CAPE TOWN, — South Africa’s National Assembly has adopted the amendments to the Mining and Petroleum Resources Development Amendment Bill and referred it to the National Council of Provinces (NCOP) for consideration.

This comes after the Portfolio Committee on Mineral Resources reprocessed the bill after President Jacob Zuma had sent it back to Parliament earlier this year to ascertain if it would pass Constitutional muster.

Following deliberations on the amendments to the bill, 198 members of Parliament voted in favour of the amendments, while 81 voted against the amendment, with one abstention.

National Assembly Deputy Speaker Lechesa Tsenoli said the President’s reservations on the bill would be referred to the NCOP for further processing.

In January, the Presidency released a statement in terms of section 79(1) of the Constitution on the basis that the definition of this act was likely unconstitutional.

The Presidency said at the time: The amended definition elevates the Codes of Good Practice for the South African Minerals Industry, the Housing and Living Condition Standards for the Minerals Industry and the Amended Broad-Based Socio-Economic Empowerment Charter for South African Mining and Minerals Industry to the status of national legislation.

In addition, in terms of Section 74 of the Amended Act, the Minister is given the power to amend or repeal these instruments as and when the need arises, effectively by-passing the constitutionally mandated procedures for the amendment of legislation.

Ahead of the amendments being approved by the National Assembly on Tuesday, Mineral Resources Minister Mosebenzi Zwane has expressed his appreciation to Members of Parliament for decisively processing the bill.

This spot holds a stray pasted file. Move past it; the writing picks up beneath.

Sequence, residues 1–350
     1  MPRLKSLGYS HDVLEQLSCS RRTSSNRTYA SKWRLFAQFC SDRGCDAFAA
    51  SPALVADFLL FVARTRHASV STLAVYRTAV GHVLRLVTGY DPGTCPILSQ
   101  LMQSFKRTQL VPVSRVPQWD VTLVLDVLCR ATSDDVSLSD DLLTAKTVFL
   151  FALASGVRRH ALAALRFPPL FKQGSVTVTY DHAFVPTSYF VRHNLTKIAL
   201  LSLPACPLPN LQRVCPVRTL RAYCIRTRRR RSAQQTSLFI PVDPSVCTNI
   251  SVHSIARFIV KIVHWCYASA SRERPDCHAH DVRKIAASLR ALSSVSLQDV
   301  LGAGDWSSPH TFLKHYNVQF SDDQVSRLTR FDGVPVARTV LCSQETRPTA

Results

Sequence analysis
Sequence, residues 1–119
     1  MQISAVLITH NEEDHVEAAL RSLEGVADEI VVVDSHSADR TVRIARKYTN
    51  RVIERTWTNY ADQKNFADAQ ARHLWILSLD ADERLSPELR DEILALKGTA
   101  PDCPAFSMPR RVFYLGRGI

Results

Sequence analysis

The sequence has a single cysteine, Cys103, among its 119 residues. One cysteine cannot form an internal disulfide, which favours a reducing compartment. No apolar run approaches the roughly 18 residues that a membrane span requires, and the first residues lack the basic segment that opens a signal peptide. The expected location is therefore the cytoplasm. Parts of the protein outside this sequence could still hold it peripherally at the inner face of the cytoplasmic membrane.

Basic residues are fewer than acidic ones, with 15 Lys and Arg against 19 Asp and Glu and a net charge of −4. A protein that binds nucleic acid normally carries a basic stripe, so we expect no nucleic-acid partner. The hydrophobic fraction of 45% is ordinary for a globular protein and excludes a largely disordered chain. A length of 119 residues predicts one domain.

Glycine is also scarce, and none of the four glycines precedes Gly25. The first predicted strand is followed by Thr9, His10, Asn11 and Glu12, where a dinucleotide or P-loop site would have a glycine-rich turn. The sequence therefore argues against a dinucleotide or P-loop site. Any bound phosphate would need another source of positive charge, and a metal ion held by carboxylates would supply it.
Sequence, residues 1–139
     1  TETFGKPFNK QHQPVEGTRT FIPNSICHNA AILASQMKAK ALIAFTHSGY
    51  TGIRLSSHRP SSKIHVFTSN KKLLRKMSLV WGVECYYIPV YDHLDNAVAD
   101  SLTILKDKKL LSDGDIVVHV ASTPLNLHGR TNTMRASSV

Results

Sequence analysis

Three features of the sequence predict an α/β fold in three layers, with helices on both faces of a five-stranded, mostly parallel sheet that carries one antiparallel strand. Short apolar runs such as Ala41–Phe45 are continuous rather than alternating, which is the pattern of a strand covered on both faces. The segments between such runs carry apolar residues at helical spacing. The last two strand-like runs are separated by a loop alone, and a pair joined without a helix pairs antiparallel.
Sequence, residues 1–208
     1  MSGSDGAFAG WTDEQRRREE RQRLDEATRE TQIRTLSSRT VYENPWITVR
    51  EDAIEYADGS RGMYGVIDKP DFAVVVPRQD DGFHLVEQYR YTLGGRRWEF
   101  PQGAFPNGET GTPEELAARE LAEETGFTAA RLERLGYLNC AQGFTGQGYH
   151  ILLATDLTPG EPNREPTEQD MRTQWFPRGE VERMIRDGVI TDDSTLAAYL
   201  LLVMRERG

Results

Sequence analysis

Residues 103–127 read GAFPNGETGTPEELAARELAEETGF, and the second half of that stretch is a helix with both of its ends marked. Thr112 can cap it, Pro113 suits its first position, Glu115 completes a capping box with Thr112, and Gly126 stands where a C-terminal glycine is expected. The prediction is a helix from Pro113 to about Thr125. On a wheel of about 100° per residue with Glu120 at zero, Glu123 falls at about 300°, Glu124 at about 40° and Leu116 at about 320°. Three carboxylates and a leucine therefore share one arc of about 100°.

We appreciate and commend the Portfolio Committee on Mineral Resources for dealing decisively with the processing of the Bill, while addressing legitimate concerns raised by the President.

The resolutions herein tabled for debate ought not to be seen as being contrary to the basis of the referral of the bill, but more of the reaffirmation to the President that legislators have satisfied themselves that indeed the bill will now pass the Constitutional muster, Minister Zwane said.

He said when he assumed office in September last year, he made a commitment that the department would do everything in its power to mobilise for the swift processing of the Mineral and Petroleum Resources Development Amendment Bill.

He said during consultations, the mining and upstream petroleum sectors expressed a need for a stable and predictable regulatory framework.

The bill seeks to, amongst others:

. Improve the ease of doing business;

. Improve the regulation of Social and Labour Plans to optimise the impact of the mining industry to development, and consolidate these into district municipalities’ Integrated Development Plans (IDPs);

. Introduce a credible and orderly means of State participation in the development of the nation’s petroleum resources;

. Provide for an integrated licensing regime for the granting of rights, issuing of water use licenses and approval of environmental authorisations;

. Provide for regulation of associated minerals;

. Provide for designation of minerals as strategic for the purposes of supporting local beneficiation and industrialisation; and

. Align the provision for sanction to non-compliance with the Competition Commission, and introduce a deterrent to non-compliance.

Source: Nam News Network